As you will see, Geoffrey also had a chance to interview Michael Grunwald, author of  “The Swamp.”

I know my part chosen for the video is very hard on the agriculture industry…as you’ll hear later, I am doing my best to clean up my own yard…

How does the saying go?

“Shine the light, and the people will find their way….

“Thank you Geoffrey for shining the light, may we all find our way, good luck with graduation this week, and we all look forward to seeing more of your work in the future!

Nat Osbourn
Nathaniel  Osborn author of “Oranges and Inlets, An Environmental History of the Indian River Lagoon”
Mark Perry
Mark Perry, Executive Director of Florida Oceanographic
Sonny Stein
Sonny Stein, long time sugar family farmer
Jacqui Thurlow-Lippisch
Jacqui Thurlow-Lippisch, commissioner, Town of Sewall’s Point, Martin County
Marty Baum
Marty Baum, Indian Riverkeeper
Nic Mader
Nic Mader, Dolphin Ecology Project
Michael Grunwald
Michael Grunwald, author of “The Swamp”
Me and Geoffrey Smith
Geoffrey Smith and I at Town Hall during interview. Geoffrey is a senior at the Pine School.
Roseate Spoonbill...
Roseate Spoonbill…according to Florida Audubon, since the early 1900s, the bird population of Florida’s Everglades is down 95% due to the over-drainage of South Florida and the agriculture and development of the state.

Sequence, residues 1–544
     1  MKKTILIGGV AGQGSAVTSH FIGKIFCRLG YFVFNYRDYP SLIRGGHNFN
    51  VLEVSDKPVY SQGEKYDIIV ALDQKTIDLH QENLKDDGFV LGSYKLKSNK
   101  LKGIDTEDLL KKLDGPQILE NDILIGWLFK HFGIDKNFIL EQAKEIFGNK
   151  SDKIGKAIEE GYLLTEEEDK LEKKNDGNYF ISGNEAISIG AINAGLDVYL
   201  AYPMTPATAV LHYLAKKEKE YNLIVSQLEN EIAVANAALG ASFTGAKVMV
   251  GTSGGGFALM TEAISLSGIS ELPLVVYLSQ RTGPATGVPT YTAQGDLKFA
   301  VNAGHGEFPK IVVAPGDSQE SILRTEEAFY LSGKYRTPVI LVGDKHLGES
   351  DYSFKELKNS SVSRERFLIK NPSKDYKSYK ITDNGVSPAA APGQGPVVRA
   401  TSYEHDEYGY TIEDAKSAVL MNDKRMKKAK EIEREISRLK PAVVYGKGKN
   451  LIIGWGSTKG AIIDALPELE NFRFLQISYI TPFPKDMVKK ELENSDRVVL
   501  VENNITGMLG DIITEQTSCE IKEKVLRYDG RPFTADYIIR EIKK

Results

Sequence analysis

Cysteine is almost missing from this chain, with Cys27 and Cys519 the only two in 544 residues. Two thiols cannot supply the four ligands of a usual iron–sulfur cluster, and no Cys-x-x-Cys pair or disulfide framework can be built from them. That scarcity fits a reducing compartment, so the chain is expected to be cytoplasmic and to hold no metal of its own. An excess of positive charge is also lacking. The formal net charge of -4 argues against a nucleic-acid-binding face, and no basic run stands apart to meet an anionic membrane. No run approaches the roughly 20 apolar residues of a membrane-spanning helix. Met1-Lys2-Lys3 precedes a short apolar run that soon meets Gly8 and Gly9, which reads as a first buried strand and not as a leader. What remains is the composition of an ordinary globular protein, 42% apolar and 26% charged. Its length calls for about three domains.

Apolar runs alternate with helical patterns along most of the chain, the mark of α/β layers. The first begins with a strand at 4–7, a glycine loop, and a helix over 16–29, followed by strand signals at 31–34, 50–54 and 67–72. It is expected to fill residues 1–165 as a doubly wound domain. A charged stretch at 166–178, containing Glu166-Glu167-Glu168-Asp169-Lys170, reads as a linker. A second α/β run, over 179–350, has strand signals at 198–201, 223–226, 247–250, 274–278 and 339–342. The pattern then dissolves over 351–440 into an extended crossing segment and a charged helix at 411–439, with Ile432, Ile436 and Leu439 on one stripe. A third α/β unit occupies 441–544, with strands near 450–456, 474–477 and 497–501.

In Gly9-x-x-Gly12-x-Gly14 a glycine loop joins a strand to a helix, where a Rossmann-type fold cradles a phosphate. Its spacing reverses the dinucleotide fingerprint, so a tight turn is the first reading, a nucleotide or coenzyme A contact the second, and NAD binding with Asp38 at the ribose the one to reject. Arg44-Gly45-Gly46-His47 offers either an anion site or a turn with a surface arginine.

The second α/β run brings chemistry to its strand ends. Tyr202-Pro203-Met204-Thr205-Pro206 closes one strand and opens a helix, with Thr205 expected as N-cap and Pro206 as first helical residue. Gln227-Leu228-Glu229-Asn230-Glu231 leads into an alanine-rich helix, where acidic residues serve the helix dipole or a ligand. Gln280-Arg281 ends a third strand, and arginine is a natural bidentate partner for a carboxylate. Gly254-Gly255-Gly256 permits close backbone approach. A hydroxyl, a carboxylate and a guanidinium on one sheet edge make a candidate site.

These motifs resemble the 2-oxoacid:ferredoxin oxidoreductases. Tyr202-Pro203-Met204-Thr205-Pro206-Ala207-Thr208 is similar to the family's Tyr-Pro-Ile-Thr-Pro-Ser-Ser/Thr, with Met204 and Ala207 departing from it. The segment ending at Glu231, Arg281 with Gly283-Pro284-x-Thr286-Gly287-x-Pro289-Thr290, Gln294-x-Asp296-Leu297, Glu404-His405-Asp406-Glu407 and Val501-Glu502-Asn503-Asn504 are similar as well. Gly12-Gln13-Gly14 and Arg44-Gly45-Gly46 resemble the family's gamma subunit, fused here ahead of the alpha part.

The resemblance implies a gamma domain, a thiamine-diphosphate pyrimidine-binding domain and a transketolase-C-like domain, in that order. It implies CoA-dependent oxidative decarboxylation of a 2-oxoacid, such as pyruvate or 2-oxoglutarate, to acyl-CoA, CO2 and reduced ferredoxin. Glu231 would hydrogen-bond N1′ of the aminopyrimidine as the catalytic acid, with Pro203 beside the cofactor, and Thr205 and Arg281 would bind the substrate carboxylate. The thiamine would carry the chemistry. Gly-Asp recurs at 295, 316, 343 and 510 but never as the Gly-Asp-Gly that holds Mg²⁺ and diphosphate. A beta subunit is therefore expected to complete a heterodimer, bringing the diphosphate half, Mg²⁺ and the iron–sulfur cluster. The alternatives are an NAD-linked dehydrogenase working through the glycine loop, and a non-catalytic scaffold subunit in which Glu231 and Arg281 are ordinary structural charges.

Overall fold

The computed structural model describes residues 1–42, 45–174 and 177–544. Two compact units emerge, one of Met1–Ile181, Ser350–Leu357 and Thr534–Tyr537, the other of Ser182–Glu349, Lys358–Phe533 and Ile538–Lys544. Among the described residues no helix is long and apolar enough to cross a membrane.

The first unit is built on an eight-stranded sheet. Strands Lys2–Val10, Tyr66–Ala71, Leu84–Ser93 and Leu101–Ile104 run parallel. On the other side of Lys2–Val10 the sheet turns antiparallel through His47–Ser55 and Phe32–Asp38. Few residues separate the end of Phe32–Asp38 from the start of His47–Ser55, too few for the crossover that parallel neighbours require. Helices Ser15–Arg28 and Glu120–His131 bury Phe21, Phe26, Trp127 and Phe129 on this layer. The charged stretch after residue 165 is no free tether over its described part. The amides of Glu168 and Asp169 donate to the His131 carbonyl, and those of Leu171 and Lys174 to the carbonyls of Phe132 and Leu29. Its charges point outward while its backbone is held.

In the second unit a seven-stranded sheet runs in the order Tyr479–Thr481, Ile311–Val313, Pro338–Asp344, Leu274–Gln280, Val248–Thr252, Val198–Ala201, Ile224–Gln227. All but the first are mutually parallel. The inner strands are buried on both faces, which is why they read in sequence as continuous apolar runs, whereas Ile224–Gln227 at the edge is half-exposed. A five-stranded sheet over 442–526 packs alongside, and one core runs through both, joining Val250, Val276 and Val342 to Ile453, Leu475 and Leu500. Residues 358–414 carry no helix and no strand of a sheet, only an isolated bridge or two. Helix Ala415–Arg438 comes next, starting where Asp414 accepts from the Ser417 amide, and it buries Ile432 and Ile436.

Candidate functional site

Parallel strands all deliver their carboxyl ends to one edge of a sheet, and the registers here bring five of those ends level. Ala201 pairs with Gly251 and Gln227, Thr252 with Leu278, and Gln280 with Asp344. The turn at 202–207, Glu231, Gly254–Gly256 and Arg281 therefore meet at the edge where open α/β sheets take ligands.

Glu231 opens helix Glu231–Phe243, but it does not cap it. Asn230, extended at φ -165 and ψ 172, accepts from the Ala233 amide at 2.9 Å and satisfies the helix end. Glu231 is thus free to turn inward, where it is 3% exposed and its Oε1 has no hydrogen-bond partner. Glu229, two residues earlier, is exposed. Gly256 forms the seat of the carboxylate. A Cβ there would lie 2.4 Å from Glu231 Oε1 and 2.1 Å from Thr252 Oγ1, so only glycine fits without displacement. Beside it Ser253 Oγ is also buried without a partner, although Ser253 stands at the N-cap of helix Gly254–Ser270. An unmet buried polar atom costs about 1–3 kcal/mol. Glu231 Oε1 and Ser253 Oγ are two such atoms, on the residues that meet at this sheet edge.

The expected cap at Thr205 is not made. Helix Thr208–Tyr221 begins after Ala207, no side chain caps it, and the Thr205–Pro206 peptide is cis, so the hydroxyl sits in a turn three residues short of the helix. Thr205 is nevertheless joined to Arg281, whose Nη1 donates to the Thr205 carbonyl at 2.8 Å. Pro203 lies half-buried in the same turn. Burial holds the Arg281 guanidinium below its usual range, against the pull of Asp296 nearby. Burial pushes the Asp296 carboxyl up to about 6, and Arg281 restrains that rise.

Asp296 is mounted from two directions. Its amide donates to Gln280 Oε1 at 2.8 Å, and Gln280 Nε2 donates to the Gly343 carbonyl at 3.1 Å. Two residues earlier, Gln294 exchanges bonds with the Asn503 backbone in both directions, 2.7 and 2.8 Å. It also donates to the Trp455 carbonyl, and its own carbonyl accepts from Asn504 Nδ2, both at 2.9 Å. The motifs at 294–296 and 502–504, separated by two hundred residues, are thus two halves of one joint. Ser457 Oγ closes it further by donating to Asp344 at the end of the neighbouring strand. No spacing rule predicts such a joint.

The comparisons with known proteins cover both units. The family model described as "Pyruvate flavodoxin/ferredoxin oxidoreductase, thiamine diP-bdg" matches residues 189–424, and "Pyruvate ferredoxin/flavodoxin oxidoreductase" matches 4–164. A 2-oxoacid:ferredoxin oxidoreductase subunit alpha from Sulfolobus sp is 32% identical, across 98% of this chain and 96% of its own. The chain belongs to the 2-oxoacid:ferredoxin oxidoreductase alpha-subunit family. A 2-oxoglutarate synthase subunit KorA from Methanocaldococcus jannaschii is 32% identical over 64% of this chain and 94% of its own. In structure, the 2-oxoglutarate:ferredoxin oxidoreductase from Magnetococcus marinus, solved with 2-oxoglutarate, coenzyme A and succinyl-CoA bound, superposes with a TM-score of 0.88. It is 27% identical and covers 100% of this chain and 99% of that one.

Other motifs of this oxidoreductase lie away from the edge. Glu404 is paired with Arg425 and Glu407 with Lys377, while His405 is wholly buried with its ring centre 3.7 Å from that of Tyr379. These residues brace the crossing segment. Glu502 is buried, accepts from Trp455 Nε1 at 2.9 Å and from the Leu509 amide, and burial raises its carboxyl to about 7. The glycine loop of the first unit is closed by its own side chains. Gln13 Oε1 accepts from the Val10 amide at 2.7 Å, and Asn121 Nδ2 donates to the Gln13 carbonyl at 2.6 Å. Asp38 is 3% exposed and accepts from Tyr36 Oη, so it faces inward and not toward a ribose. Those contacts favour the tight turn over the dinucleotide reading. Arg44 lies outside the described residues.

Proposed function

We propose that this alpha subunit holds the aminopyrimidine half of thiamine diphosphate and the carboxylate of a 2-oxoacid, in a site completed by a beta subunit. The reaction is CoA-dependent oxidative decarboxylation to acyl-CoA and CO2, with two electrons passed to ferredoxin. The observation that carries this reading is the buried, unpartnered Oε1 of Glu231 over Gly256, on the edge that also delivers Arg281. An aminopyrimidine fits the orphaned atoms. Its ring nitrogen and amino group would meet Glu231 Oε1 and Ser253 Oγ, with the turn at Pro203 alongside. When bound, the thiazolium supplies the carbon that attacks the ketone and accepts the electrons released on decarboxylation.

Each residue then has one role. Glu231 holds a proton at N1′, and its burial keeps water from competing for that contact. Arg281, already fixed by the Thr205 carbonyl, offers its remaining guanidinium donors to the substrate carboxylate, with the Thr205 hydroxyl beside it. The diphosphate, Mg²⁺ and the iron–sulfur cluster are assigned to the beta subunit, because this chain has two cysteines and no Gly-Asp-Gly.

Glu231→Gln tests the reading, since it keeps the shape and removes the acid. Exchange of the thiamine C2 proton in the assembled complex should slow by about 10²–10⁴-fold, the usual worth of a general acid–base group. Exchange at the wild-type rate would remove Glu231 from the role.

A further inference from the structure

The Pine School: (http://www.thepineschool.org)

Writing History-Changing History: “Resolving System Constraints: An Action Plan,” by Dr Gary Goforth, SL/IRL

Dr Gary Goforth speaking before the SFWMD Governing Board, 3-12-15. (Photo Jacqui Thurlow-Lippisch.)
Dr Gary Goforth speaks before the SFWMD Governing Board 3-12-15. (Photo Jacqui Thurlow-Lippisch.)

 

Words and images are powerful tools in our quest to save the St Lucie River/Indian River Lagoon. It is critical that we are part of “writing history,” and not “allowing it to be written for us.”

Even though things get discouraging sometimes and we may feel like we are “getting nowhere,” believe me, in time, we will see that our work has not been in vain. A better river history is being made right now. You are part of that history.

Today I will share the document of Dr Gary Goforth, (http://garygoforth.net) Resolving System Constraints: An Action Plan,” that is really “making history.”

It was passed out March 12, 2015 at the South Florida Water Management District’s (SFWMD) Governing Board Meeting where eighty members of the public signed up to speak on behalf of supporting the purchase of US Sugar option lands in the Everglades Agricultural Area (EAA) in order to create a reservoir to store, clean and convey significant amounts of water south to the Everglades, thus sparing the estuaries from the redirected waters of Lake Okeechobee that are killing our rivers on top of the already destructive discharges from area canals.